Brussels sprouts are on sale this week at our grocery store for $1 a pound — and they are beautiful, small, tender Brussels sprouts. Chances are, they’re available and in-season at your local markets, too.
Brussels sprouts are a long-season vegetable that’s a member of the brassica (cabbage, broccoli, collards) family. They grow a long stalk all summer, then put out sprouts that are most tender after a frost. I’ve heard that you can store Brussels sprouts for a month or so in a root cellar if the plants are pulled up by the roots and stored.
We’ve never managed to store them, because we’ve never succeeded in growing them. One year, they didn’t grow big enough to make sprouts. One year, aphids ate off all the leaves and the plants never matured properly. This year, they were too crowded, but once we pulled out the smothering tomatoes, the sprouts flourished. The sprouts had reached about 1/2″ diameter when we had a hard freeze. We might have harvested and tried them … but when Mr. Cheap went out one day, something had climbed up the stems and ripped the sprouts off the plants.
(Tell me we’ve read too much Mrs. Frisby and the Rats of NIMH and Redwall around here and are anthropomorphizing the critters, but it pleases me to visualize the delight of the mice as they scampered up the loglike (to them) Brussels sprouts stems to pull the equivalent of giant cabbages off for their larder.)
By now, I suspect many of you are moaning, “But why such a fuss about Brussels sprouts?” You might remember soggy, mushy, boiled sprouts you had to choke down as a child before you got your dessert.
But really, Brussels sprouts are extremely nutritious with 65 calories, 6.4 grams of fiber and 5.6 grams of protein per cup — as well as great amounts of Vitamin A, Vitamin C, iron and calcium. And they are delicious … when you cook them like this:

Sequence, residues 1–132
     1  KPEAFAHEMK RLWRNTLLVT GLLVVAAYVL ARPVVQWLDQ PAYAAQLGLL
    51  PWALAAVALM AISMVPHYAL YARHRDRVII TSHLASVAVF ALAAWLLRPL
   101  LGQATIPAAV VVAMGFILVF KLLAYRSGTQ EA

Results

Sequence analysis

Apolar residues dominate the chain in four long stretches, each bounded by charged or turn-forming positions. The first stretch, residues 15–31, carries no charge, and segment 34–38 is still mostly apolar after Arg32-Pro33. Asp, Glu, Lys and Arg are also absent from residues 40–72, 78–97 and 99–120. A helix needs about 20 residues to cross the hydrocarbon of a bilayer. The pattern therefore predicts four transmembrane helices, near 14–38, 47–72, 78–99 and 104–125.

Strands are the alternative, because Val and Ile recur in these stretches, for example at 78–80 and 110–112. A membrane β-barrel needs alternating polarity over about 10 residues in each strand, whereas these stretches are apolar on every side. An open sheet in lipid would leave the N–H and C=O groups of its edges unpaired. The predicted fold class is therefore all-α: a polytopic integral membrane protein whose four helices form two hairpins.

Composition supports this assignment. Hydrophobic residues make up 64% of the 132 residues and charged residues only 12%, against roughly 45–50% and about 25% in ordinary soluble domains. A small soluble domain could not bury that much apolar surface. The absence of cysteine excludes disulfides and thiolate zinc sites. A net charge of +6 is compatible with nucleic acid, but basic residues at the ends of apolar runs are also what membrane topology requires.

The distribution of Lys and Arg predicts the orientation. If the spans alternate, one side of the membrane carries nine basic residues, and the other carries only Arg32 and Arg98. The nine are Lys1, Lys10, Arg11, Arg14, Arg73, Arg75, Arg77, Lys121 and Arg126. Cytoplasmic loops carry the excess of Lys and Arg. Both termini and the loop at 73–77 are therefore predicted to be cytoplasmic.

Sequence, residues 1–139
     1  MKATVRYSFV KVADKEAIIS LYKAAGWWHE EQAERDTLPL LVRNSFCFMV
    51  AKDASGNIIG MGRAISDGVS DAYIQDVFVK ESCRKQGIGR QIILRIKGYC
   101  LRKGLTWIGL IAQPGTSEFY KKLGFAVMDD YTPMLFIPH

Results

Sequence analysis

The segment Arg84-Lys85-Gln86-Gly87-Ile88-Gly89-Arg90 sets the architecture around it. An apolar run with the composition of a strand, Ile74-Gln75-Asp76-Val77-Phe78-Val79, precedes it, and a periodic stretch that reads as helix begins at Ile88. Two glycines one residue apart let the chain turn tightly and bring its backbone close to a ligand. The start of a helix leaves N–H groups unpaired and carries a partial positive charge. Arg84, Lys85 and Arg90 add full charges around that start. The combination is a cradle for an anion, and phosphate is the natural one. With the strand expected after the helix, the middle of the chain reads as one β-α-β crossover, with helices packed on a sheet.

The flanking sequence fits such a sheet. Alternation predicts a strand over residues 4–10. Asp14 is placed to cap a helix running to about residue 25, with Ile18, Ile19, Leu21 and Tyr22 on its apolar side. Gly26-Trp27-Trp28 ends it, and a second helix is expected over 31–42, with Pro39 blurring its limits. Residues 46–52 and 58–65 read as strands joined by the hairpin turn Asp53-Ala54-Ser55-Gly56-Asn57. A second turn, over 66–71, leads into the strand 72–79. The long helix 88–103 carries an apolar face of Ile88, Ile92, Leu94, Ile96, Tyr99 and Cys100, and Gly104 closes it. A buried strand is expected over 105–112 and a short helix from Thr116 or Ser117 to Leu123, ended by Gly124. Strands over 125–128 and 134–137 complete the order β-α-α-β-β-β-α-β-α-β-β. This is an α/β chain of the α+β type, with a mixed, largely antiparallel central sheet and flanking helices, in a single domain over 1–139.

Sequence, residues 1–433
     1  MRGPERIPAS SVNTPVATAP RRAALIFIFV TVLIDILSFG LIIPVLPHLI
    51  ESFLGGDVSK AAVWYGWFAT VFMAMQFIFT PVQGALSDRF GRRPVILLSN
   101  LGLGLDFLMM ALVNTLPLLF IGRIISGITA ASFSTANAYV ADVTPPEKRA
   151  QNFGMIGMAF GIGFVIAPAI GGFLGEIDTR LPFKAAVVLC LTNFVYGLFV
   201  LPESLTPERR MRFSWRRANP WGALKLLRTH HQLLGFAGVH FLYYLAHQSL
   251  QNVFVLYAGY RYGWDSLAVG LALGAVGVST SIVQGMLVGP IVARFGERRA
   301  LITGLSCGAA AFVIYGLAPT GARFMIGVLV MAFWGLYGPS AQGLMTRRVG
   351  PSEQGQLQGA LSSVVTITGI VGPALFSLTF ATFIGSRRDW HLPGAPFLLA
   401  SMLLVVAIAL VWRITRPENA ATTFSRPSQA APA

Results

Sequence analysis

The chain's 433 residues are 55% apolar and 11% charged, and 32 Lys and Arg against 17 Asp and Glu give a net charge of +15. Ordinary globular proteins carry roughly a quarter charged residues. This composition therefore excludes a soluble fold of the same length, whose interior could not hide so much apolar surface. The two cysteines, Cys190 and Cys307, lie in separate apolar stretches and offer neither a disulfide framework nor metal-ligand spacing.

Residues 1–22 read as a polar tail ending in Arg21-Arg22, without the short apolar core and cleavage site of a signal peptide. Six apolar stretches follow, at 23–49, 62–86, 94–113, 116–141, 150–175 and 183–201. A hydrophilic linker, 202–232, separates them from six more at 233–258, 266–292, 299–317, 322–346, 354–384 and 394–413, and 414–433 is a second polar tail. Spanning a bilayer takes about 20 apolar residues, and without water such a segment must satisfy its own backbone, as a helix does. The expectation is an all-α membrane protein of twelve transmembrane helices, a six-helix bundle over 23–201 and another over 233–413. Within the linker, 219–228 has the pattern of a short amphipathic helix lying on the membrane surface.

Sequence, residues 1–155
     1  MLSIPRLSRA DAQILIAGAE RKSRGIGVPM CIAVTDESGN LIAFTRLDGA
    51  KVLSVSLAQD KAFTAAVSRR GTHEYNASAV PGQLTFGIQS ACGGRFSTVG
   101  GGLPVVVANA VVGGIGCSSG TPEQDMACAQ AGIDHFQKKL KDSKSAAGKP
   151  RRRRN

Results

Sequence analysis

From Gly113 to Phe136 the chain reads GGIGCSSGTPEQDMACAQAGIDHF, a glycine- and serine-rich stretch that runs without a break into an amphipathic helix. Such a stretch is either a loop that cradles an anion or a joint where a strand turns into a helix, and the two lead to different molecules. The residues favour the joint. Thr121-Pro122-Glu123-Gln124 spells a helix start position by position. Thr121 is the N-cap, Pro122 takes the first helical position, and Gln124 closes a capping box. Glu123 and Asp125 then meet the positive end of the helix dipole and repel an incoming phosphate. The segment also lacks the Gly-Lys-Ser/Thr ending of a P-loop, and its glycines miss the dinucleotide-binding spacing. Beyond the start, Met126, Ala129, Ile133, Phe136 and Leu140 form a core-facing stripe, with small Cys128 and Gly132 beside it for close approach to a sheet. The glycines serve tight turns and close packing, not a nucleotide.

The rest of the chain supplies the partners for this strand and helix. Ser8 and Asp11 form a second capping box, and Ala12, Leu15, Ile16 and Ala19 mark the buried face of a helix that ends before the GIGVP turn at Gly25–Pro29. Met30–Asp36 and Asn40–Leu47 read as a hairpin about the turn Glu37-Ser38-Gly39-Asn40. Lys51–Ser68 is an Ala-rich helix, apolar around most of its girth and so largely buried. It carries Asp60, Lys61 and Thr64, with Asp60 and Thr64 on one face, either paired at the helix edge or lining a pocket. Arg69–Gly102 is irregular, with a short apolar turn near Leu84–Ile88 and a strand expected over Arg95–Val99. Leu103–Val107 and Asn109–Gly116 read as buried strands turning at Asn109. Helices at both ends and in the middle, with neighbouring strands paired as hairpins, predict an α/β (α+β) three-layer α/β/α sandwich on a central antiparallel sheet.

- Trim the “rusty” ends off each sprout. Cut each sprout in half. (This is the hardest part of the whole process.)
- Preheat the oven to 400 degrees Fahrenheit.
- Steam the sprouts: Put the sprouts in a microwaveable bowl and add a splash of water. Cover with a microwaveable plate and microwave until tender (ours takes about 10 minutes, but it’s an ooooollllld microwave). Or steam in a steamer or pan.
- Oil a baking pan generously. Add the sprouts and toss them around with salt, pepper and any herbs you want to add (like thyme). Arrange the sprouts so they are mostly cut-side down.
- Roast the sprouts in the oven for about 20 minutes.
Alternatively, for a smaller batch, skip steps 2-5. Heat a big skillet. Add a bit of oil and toss the sprouts around as above. Arrange the sprouts cut-side down. When they have started to brown, add a splash of water or stock and cover. Steam until tender.
In both cases, cook the sprouts until they can be pierced easily with a fork. Make sure they are nice and brown. They will be tender, sweet, nutty and delicious. You’ll like them. I promise!
In fact, during the past year, this recipe has won over at least half a dozen non-sprouts eaters to the joys of Brussels sprouts.